August 2020

Indigenous Peoples and Human Rights

Sunday, January 21, 2018

Rattler Reaches Non-Cooperating Plea Agreement

Rattler (Photo: Jonathan Klett Liminal Films)

By Water Protector Legal Collective

Censored News

MANDAN, North Dakota: A change of plea hearing has been scheduled for Michael Markus, who is known as Rattler, after reaching a non-cooperating plea agreement with prosecutors. Under the agreement, the government will drop the most serious charge and both parties will recommend a sentence of 36 months for the one remaining charge of Civil Disorder.

This is a non-cooperating agreement relating only to Rattler’s own actions and that does not require any testimony or information about anyone else.

Rattler was charged with Civil Disorder and Use of Fire to Commit a Federal Felony Offense, arising from October 27, 2016 protests at Standing Rock. Under this plea agreement, the Use of Fire charge – which carries a mandatory minimum sentence of 10 years and the possibility of up to 15 years in prison – will be dropped entirely. Prosecutors and the defense will then jointly recommend a sentence of 36 months on the Civil Disorder charge, although the judge does have the have the authority to go as high as five years. There is no minimum sentence. If the judge decides not to accept the agreement the case will continue to trial on both charges.

Rattler made the difficult decision to enter into the plea agreement as he was nearing trial in Bismarck North Dakota, a region that has demonstrated severe prejudice against Water Protectors. A commissioned survey found that 77% of potential jurors in Morton County and 85% in Burleigh County had already decided that defendants were guilty and many potential jurors have close connections to law enforcement or the oil industry.

Given these limited options and high stakes, Rattler decided to enter into a plea agreement that does include significant prison time but removes the risk of being convicted and sentenced to a 10 year mandatory minimum with a possibility of up to 15 years.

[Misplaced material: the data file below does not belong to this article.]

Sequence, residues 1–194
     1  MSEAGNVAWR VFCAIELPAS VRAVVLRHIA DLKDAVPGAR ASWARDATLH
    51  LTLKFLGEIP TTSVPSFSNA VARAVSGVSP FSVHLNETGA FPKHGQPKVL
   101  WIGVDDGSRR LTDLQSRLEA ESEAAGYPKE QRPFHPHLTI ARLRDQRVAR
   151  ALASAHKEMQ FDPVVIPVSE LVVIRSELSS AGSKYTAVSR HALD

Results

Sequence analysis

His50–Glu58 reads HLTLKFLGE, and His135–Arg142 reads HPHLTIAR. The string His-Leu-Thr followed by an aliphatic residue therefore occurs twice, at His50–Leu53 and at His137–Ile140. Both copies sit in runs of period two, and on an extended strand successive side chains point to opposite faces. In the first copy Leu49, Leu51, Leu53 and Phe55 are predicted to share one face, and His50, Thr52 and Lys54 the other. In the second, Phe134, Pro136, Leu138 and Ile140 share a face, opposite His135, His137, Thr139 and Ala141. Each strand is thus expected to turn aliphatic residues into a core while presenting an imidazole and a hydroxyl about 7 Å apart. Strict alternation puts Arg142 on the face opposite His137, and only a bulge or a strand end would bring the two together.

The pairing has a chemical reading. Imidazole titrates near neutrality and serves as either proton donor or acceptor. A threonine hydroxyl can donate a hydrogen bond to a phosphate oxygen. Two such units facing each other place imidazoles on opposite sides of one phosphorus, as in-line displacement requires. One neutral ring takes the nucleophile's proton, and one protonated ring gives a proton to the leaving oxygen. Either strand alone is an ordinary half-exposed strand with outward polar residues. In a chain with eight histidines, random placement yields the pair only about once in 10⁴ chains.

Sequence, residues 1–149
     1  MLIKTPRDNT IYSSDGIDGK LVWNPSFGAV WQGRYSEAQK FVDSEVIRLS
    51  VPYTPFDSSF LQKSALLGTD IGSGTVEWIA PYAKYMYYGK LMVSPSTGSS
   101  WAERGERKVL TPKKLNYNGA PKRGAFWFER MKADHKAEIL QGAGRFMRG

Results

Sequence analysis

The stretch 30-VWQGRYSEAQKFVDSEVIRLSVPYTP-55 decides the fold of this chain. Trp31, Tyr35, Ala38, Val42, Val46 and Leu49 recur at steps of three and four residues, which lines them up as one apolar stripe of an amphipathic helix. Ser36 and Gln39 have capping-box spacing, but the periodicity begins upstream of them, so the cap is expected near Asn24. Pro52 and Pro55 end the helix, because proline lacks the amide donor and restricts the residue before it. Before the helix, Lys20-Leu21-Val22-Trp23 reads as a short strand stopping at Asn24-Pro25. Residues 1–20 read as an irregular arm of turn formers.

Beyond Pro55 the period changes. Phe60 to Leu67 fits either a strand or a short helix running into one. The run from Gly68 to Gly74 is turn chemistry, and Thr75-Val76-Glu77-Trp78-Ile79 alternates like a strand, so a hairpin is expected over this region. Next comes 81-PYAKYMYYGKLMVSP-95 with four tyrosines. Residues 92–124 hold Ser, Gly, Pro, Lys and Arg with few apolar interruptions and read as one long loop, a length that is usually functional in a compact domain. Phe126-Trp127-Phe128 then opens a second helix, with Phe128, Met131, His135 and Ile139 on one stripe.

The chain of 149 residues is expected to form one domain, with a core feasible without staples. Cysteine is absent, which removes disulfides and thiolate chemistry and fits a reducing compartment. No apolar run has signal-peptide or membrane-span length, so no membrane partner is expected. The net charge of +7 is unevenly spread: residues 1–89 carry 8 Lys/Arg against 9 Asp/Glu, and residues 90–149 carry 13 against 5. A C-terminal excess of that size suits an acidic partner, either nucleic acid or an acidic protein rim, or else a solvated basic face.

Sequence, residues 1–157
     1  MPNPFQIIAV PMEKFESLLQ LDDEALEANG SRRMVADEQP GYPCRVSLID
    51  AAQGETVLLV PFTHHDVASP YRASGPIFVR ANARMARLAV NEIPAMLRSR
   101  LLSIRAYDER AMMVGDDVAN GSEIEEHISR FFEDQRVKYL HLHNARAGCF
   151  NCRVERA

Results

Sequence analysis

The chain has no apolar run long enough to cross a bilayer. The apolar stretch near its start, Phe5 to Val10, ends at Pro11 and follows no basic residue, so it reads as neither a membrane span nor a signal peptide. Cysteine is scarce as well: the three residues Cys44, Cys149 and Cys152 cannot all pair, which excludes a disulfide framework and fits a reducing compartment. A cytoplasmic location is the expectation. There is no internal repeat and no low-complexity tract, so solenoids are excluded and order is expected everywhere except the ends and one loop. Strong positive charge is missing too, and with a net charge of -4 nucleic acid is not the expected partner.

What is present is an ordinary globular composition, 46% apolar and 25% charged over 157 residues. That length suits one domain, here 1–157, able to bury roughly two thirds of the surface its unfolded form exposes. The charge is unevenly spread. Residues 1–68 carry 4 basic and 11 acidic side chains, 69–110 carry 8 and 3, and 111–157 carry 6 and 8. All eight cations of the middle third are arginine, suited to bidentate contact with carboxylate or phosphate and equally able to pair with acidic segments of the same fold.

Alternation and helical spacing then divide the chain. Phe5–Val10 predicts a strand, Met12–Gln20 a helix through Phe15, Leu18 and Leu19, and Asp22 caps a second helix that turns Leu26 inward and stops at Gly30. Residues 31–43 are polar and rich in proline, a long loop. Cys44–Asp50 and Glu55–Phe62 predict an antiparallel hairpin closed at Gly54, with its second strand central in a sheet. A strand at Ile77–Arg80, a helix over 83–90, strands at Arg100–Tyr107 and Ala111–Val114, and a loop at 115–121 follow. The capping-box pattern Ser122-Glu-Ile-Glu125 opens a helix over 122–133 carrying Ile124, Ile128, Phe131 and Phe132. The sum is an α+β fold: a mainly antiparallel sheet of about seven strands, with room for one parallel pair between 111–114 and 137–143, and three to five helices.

Rattler is an Oglala Lakota who was raised on the Pine Ridge Reservation in South Dakota. He is a Sundancer and a ceremonial pipe carrier in the Lakota spiritual tradition and a Marine Corps veteran of the Gulf War. At Standing Rock he took on significant responsibilities caring for and protecting others in camp.Links:

Free Rattler Facebook page
PayPal contribution directly to Rattler
Esquire article featuring Rattler
*This statement may be excerpted or reproduced in full on the condition of proper attribution to: Water Protector Legal Collective.
Water Protector Legal Collective (WPLC) provides on-the-ground legal representation and coordination for Water Protectors engaged in resistance to the Dakota Access Pipeline at Standing Rock, ND.

'Big Industry Cronies Lie -- Divide and Conquer of Oil and Gas Industry' by Lisa DeVille

.Letter to the Editor                                             1-19-18

By Lisa DeVille, Fort Berthold Protectors of Water Earth Rights
Mandaree, ND

Davis Refinery near the Theodora Roosevelt National Park

I attended the Department of Health’s hearing for a minor source synthetic air quality permit for Davis refinery on January 17 in Dickinson. I was one of many people who oppose the fact that Meridian has the audacity to want to site a refinery near Theodore Roosevelt National Park. 

I can speak from experience; my community is impacted by oil and gas. I’ve seen every tactic that companies use when they want to develop an area.

I’ve seen the devastation that a refinery can bring to communities and can see the inevitable desecration that will be brought to our only National Park.

First, I and every speaker in attendance that oppose the refinery are not paid. It’s sad that pro-refinery folks resulted to insulting people who had every right to testify.

The public comments ran about 4 hours long, with overwhelming opposition (30-12) to industrializing the perimeter of TRNP.

I’ve learned that when large industries come into small communities, they intentionally divide to conquer. Citizens that were once friends and neighbors are pitted against each other over false promises such as jobs, and money. In my experience, the pie in the sky is only for a select few and the external costs and damages are on the shoulders of everyone else.

I urge the DOH to deny this air permit, it’s foolish to think that it’s our right to allow a company with no long-term interest in North Dakota to compromise our park.

If this company was going to bring such prosperity to the Belfield area, why would they have contingencies on their promises? Such as “once the refinery gets going, THEN you can have a new school.” If they were trying to be honest with the public, they would go through the proper siting permit with the Public Service Commission. Don’t fall for empty promises, big industry cronies lie.

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